If you think it’s hot now, you’re in for a rude awakeningMay 25, 2015 9:00
Not quite RERA-ing to go
Kipp isn’t impressed by RERA’s plans to hold ‘talks’ concerning service fees, eight months too late. Can we get some action already?
August 2, 2012 3:42 by Eva Fernandes
When I read about RERA were in talks to increase transparency between landlord and tenants with regards to the service fee charged—I was rather excited. Service fees have been a point of contention for the Dubai real estate market especially in the past eight months—best typified between a much publicized standoff between Nakheel and residents on the Palm who found themselves locked out of their own apartments late last year.
At the time I said the onus lies upon the Real Estate Regulatory Authority (RERA) to act as a middleman and judicator and I maintain that point of view. And yet RERA has failed to act as the Authority the A in its title may suggest. Which is why news about possible action, even eight months too late is good news for the Dubai real estate market—or at least that is what you would be inclined to think. Yet given the body’s past inaction I am not wholly unsurprised by the wishy-washiness of the proposed ‘talks’ between RERA and the landlords, tenants and the owners associations.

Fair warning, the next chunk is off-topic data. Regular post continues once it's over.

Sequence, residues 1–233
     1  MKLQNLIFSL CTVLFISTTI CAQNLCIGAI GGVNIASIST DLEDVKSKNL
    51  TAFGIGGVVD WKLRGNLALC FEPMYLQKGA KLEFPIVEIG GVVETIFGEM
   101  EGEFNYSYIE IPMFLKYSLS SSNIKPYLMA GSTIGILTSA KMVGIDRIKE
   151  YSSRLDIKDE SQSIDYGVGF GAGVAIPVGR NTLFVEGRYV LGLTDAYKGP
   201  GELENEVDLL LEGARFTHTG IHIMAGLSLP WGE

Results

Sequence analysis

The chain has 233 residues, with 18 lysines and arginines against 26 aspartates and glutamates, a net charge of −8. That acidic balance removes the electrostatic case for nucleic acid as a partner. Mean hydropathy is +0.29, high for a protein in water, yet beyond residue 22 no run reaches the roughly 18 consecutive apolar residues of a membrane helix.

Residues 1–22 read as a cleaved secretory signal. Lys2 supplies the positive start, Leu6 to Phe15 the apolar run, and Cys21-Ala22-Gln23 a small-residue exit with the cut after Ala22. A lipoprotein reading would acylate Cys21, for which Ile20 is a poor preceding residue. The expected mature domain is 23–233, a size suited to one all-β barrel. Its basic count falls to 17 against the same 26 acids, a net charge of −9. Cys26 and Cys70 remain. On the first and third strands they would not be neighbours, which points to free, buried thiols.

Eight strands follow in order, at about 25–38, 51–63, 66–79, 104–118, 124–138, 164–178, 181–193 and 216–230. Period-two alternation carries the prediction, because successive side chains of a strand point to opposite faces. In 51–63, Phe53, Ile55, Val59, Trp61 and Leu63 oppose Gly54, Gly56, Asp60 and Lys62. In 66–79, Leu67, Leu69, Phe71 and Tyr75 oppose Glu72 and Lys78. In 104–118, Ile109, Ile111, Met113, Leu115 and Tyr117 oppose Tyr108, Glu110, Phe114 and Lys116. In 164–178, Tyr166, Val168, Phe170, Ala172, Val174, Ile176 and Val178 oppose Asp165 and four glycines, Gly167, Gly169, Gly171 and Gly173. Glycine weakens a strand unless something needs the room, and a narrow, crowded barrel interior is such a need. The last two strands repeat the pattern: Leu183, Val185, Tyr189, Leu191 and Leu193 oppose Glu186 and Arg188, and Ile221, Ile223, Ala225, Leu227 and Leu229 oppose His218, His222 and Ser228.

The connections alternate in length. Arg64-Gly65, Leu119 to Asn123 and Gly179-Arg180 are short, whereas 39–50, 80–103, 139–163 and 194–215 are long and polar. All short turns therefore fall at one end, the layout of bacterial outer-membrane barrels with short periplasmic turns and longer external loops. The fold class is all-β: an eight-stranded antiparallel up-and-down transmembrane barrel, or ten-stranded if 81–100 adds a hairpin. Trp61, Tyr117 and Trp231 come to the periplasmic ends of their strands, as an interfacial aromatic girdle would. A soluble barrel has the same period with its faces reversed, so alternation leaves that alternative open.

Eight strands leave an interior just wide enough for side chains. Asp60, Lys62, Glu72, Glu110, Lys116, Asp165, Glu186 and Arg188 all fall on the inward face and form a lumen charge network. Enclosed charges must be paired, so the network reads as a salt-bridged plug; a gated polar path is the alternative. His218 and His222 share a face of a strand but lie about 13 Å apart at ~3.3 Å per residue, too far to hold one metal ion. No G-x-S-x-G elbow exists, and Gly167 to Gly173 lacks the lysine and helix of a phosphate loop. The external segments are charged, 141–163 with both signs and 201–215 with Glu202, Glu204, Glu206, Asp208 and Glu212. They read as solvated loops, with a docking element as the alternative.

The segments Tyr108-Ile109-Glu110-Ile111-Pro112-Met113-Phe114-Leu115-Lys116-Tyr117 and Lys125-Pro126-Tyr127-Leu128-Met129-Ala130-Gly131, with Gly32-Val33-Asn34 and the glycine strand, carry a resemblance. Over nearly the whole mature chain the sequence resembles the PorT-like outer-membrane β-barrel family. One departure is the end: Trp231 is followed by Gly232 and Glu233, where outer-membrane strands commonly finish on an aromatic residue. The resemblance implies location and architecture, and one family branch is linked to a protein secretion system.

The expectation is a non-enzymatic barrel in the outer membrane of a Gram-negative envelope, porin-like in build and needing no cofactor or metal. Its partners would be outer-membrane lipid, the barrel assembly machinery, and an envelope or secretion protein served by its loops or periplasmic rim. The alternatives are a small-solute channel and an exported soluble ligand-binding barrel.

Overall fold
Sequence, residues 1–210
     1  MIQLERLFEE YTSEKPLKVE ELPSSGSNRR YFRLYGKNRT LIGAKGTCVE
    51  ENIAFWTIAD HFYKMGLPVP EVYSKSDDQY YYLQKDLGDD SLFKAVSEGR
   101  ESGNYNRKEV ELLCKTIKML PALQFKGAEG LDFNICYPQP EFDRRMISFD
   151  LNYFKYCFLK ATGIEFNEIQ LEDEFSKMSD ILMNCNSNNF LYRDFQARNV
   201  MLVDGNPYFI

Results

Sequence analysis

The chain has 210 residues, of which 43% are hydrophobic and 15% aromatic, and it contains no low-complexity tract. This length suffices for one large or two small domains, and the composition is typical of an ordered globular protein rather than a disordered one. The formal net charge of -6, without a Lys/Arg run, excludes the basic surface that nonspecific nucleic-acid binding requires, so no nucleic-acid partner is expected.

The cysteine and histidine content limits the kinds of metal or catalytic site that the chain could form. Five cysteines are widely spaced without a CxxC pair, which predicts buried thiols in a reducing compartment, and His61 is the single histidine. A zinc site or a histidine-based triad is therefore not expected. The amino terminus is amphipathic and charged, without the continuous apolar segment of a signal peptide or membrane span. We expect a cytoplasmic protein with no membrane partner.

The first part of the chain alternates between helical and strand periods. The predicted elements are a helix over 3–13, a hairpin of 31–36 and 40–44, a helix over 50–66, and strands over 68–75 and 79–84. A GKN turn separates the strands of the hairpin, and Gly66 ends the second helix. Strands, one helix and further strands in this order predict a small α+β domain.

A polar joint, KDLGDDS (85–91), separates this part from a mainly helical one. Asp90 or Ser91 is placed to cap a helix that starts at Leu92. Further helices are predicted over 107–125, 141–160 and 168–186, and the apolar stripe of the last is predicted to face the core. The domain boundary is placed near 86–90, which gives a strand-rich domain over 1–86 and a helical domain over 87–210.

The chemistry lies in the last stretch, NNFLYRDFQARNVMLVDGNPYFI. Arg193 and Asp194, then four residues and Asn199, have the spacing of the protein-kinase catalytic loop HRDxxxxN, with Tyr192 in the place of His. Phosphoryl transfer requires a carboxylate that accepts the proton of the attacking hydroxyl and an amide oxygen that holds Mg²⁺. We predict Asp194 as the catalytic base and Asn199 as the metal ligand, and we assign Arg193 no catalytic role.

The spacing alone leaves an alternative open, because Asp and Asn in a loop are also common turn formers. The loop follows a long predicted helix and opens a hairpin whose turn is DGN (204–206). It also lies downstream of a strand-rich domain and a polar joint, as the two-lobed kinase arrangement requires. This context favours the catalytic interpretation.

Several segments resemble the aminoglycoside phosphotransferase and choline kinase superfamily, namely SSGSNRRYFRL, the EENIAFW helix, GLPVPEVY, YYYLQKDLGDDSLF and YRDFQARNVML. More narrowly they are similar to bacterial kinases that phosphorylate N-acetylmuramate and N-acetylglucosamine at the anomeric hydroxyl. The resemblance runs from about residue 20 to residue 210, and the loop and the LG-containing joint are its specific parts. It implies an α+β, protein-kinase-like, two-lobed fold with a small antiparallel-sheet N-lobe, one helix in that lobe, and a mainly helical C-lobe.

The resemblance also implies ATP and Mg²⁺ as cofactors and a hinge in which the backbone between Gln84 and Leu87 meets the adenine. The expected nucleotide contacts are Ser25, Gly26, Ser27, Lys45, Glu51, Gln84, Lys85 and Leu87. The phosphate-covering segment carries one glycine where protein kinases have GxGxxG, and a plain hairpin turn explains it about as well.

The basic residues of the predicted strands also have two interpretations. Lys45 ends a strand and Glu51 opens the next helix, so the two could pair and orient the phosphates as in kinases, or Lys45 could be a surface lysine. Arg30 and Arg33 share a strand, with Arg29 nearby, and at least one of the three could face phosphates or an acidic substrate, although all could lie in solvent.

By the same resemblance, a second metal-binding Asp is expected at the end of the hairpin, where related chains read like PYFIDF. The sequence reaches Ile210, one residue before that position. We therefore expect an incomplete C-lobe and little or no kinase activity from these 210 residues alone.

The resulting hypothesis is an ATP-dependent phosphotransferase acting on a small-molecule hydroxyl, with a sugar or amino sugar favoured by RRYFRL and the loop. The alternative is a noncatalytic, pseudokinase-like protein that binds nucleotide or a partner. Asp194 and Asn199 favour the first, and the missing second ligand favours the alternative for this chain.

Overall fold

Consider the words of Mohammad bin Hammad, a senior director at RERA: “I think it’s a good idea and something we can study more closely. We need to solve this issue of non-payment of service fees and this could be a potential way of dealing with it. We need to get the views of the main stakeholders and then we can look at the best way forward.”
Talks being a ‘potential’ way of dealing with the much publicized and very troublesome match of tug of war between developers and owners? Color me surprised if it actually works out, but with the state the real estate market is in right now what is needed the most is cold hard legislation. A legal framework which describes what kind of fees a developer should be allowed to charge, the quality of service which should be provided and a means for tenants to see if there landlord has paid their service fees. RERA should have a proper legal framework concerning these issues four years ago and that they are only just starting to hold ‘talks’ about the issue is far from encouraging.